Ohio is known as the "Mother of Presidents" because of its role in producing so many US presidents. In addition to the seven presidents who were born in Ohio, another president, William Henry Harrison, lived in Ohio for much of his life and is sometimes counted as an honorary Ohioan.
Trumbull County, located in northeastern Ohio, has a rich and diverse history that dates back thousands of years. The area was originally inhabited by various Native American tribes, including the Delaware and Wyandot, until the late 1700s when European settlers began to arrive. The first permanent settlement in the county was established in 1800 by James Hillman, and the county was officially formed in 1800, being named after Jonathan Trumbull, the governor of Connecticut.

During the early 19th century, Trumbull County played a significant role in the development of the Western Reserve, a region in Ohio that was surveyed and sold by the Connecticut Land Company. The county quickly became an agricultural hub, with farms growing crops such as corn, wheat, and dairy products. The completion of the Ohio and Erie Canal in the 1830s further facilitated economic growth, as it provided a transportation route for goods and opened up trade opportunities.

The late 19th and early 20th centuries brought industrialization to Trumbull County, with the discovery of vast coal and iron ore deposits. This led to the establishment of steel mills and factories, making the county a major producer of iron and steel during this time. The rise of the steel industry not only brought economic prosperity to the area but also attracted a diverse population of immigrants seeking employment in the mills.

However, the decline of the steel industry in the late 20th century caused significant economic challenges for Trumbull County. The closure of many mills and factories resulted in job losses and a decline in population. In recent years, efforts have been made to diversify the local economy and attract new industries to the area, such as healthcare, education, and technology.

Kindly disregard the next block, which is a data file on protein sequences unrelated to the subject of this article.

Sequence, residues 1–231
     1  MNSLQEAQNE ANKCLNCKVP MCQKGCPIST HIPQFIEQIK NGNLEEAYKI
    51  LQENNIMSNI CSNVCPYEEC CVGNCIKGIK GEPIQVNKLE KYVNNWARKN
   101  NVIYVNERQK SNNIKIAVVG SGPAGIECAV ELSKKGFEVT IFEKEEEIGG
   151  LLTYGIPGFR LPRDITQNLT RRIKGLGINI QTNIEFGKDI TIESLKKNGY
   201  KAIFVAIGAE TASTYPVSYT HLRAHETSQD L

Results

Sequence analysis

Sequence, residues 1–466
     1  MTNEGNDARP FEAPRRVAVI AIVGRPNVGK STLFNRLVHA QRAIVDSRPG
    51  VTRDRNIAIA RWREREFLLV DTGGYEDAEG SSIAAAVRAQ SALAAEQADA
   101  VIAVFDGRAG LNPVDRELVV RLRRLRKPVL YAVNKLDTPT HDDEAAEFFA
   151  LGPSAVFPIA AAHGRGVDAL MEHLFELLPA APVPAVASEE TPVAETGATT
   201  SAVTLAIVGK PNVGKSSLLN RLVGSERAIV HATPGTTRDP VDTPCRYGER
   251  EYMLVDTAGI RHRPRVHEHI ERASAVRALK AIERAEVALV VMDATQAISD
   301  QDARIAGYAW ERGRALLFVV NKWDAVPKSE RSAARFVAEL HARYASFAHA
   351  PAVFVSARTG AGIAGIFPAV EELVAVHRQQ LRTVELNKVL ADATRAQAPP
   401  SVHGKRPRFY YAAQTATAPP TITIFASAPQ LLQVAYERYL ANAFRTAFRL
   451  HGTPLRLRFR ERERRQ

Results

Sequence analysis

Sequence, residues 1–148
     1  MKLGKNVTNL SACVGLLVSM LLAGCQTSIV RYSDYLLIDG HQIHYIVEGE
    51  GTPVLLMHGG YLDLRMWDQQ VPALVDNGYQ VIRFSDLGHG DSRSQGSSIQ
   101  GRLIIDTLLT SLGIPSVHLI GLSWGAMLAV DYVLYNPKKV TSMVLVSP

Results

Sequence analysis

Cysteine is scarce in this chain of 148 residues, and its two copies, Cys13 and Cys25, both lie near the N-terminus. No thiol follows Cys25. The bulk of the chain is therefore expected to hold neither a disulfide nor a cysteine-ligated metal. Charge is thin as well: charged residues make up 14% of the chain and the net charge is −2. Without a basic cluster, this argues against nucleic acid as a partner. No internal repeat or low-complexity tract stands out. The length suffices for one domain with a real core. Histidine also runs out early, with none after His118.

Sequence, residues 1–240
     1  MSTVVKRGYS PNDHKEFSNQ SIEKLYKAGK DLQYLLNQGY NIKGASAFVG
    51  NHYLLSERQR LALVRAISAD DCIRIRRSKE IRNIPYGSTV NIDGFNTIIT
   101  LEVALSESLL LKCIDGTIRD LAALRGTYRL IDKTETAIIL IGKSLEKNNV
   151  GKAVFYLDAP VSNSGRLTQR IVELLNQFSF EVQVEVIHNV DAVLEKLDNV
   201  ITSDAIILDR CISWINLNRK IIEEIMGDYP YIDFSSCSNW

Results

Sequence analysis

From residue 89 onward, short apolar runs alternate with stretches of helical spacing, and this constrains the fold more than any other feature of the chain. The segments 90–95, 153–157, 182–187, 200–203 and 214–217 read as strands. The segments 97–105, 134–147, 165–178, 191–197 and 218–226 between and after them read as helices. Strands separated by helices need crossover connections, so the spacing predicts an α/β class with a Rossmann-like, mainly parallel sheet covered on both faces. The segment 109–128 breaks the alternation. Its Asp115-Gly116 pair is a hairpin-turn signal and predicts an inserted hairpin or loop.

Today, Trumbull County remains a blend of its rich history and ongoing efforts to adapt and grow in the modern era. With its natural beauty, recreational opportunities, and historical significance, the county continues to be a unique and vibrant place to live and visit.

This timeline provides a concise overview of the key events in the history of Trumbull County, Ohio.

  • 1800: Trumbull County is established on July 10, 1800, in the Northwest Territory.
  • 1801: Warren, the county seat, is laid out as the first town in the county.
  • 1805: The Youngstown area, which is now part of Trumbull County, is surveyed and divided into lots.
  • 1808: Lewis Kinney builds the first furnace and forge at Niles, beginning the area's iron industry.
  • 1831: The Pennsylvania and Ohio Canal is completed, passing through Trumbull County and aiding in transportation and trade.
  • 1856: The Atlantic and Great Western Railroad (later part of Erie Railroad) reaches Warren, connecting the county to the national rail network.
  • 1862: Niles becomes a center of iron production with the construction of the Niles Iron Works.
  • 1870: Trumbull County's population reaches over 50,000, driven by industrial growth and immigration.
  • 1895: Packard Electric Company is founded in Warren, becoming a major employer and contributor to the automotive industry.
  • 1905: Warren G. Harding purchases the "Star" newspaper, launching his career in politics.
  • 1953: The Trumbull Art Gallery is established in Warren, promoting the arts in the county.
  • 1977: The Youngstown-Warren Regional Airport opens, improving regional transportation.
  • 1998: The Trumbull County Courthouse is renovated, preserving its historic architecture.